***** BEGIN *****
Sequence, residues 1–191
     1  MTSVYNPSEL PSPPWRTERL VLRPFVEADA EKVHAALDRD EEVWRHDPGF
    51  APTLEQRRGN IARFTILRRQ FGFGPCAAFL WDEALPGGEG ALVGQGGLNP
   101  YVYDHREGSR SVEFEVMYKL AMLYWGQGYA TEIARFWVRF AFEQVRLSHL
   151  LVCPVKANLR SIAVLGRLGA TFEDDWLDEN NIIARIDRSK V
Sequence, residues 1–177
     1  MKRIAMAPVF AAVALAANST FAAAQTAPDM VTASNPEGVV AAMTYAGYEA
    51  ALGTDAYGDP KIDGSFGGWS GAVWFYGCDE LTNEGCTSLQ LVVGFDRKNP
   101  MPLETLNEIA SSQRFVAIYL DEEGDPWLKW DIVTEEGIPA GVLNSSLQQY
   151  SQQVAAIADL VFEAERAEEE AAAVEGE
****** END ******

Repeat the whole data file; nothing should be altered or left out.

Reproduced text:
Sequence, residues 1–191
     1  MTSVYNPSEL PSPPWRTERL VLRPFVEADA EKVHAALDRD EEVWRHDPGF
    51  APTLEQRRGN IARFTILRRQ FGFGPCAAFL WDEALPGGEG ALVGQGGLNP
   101  YVYDHREGSR SVEFEVMYKL AMLYWGQGYA TEIARFWVRF AFEQVRLSHL
   151  LVCPVKANLR SIAVLGRLGA TFEDDWLDEN NIIARIDRSK V
Sequence, residues 1–177
     1  MKRIAMAPVF AAVALAANST FAAAQTAPDM VTASNPEGVV AAMTYAGYEA
    51  ALGTDAYGDP KIDGSFGGWS GAVWFYGCDE LTNEGCTSLQ LVVGFDRKNP
   101  MPLETLNEIA SSQRFVAIYL DEEGDPWLKW DIVTEEGIPA GVLNSSLQQY
   151  SQQVAAIADL VFEAERAEEE AAAVEGE